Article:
T C R S Fowler, Department of Physics, University of Bristol, England

A prototype reading machine has proved readily usable by all the twenty blind and five partially-sighted people who have so far tried it. The machine resembles the Optacon in being a direct-translation machine, and thus being usable for many languages, and for the reproduction of mathematical expressions, etc; character recognition is not involved.

A major difference from the Optacon is in the output unit, in which whole groups of words are displayed at a time in relief around a disc, which provides a continuous tactile output, at a speed controllable over a wide range, to suit the user. Cancellation of previous words occurs just before the setting-up of new words at about "3 o'clock" on the disc. The tactile track around the disc comprises a large number of small studs held by friction in holes drilled by a numerically-controlled machine, the studs being pushed up as required to form the character shapes, and pushed down by an oscillitating cancelling arm operating in a housing over part of the disc. A clutch lever allows the drive to be disengaged, leaving the disc free to be rotated by hand, to re-read previous words. Tests of the frictional system indicate a probable life of about ten million cycles per stud before renewal of the frictional material would be necessary.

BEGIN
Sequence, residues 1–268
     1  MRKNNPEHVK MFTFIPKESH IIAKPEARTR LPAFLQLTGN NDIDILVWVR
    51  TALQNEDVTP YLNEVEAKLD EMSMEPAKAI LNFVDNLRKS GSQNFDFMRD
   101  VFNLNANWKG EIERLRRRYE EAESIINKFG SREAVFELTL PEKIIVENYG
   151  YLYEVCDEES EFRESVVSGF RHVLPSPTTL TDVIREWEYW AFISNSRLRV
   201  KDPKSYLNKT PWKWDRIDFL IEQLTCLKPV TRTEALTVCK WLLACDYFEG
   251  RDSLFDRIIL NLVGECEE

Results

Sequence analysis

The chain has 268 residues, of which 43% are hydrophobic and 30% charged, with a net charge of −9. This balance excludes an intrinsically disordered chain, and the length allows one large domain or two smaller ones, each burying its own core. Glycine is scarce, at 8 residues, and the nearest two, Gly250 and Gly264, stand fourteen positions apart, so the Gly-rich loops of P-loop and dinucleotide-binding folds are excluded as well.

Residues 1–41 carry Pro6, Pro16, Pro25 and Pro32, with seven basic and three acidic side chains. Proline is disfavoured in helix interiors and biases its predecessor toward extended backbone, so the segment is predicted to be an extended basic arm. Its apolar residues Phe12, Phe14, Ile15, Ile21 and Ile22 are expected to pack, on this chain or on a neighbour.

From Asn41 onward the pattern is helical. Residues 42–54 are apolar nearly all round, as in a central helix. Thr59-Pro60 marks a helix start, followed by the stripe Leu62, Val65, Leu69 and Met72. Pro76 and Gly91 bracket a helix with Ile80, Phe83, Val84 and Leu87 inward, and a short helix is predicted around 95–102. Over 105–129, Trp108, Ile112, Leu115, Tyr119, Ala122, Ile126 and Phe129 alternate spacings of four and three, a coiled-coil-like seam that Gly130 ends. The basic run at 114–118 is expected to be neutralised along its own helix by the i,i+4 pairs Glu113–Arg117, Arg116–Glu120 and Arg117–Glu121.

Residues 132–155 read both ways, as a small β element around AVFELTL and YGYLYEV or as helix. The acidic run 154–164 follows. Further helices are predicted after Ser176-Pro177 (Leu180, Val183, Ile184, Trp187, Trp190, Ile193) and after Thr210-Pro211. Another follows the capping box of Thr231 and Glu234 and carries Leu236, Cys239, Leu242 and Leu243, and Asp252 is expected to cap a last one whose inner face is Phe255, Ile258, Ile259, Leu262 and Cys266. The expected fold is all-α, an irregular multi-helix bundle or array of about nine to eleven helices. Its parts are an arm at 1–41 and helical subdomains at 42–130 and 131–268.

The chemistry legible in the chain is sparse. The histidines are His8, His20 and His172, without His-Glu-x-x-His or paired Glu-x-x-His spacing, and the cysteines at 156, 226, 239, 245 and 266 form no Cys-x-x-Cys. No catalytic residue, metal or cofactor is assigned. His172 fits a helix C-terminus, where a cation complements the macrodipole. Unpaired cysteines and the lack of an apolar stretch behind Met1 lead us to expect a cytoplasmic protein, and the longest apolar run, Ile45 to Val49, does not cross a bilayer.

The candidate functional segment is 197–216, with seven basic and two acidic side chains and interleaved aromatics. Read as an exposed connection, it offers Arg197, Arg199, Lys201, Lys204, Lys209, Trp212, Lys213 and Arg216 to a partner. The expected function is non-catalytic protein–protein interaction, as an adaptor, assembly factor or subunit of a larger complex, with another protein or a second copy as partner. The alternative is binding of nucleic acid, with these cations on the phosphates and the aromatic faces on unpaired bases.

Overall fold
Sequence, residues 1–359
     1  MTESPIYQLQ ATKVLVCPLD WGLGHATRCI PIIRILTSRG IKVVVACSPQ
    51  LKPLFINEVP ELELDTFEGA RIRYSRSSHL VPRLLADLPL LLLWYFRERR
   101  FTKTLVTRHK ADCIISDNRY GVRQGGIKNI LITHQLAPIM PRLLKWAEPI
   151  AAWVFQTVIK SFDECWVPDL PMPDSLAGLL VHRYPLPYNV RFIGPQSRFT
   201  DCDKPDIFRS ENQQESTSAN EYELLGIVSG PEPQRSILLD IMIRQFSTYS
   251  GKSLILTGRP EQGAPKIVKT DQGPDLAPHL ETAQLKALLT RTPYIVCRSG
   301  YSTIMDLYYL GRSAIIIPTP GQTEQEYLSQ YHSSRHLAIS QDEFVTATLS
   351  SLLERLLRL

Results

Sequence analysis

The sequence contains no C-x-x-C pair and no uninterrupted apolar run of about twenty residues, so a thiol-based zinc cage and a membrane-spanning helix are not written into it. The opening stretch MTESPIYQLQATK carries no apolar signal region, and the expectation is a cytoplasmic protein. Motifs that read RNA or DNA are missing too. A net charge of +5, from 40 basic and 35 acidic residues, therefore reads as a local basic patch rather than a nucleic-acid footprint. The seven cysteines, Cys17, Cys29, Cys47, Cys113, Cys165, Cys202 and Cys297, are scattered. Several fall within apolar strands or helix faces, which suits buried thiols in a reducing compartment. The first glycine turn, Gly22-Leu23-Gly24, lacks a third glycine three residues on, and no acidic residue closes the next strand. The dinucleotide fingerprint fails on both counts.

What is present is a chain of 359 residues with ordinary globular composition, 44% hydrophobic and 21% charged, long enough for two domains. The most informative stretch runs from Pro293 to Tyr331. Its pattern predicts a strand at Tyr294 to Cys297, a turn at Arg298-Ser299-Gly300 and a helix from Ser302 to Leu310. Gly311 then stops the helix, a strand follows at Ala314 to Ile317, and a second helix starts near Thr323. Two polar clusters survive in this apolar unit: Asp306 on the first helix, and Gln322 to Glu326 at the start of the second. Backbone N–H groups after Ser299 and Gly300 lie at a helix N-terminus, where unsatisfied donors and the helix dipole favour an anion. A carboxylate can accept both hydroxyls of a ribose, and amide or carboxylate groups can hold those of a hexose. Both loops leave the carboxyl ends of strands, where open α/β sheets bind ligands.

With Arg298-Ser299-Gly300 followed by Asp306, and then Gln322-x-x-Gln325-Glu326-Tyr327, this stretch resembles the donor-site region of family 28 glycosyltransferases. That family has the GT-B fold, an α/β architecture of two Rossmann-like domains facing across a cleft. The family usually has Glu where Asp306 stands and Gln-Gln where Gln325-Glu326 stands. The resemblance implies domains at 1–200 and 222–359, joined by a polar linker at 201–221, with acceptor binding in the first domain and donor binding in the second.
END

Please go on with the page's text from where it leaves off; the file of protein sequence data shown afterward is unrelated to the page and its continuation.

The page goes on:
A second major difference from the Optacon is that the reading camera is tracked, with motor drive, along the lines of print, typewriting or handwriting being read, leaving the reader free to concentrate on reading the output, two hands being usable for this much of the time, although line and page changing is done manually. The single motor which drives the output disc unit also traverses the reading camera, via a variable-ratio drive which allows the width of the reproduced characters to be varied as required, independently from their height, which is variable by an 11-position magnification selector control on the camera with an overall range of 0.5:1 to 2:1.

The machine is naturally much larger than the Optacon, and the present prototype, with a width of about 34 inches (more than half of which is to provide ample space for large books or periodicals) is not designed to be readily portable, but to have the reading material brought to it.

Ten of the blind people who have so far tried the machine were already users of the Optacon; some of this group expressed a definite preference for the Optacon, but others remarked on advantages of the disc machine. Among the ten not classed as Optacon users was a lady who had returned her Optacon as she was not progressing well with it, and a man who had failed the Optacon apititude test, both of whom were much happier with the disc machine. All 25 users were soon able to read from the disc unit, most within a few minutes of first coming to the machine.

End of article. The full paper can be found here though the formatting may not be very accessible due to having been scanned and automatically translated.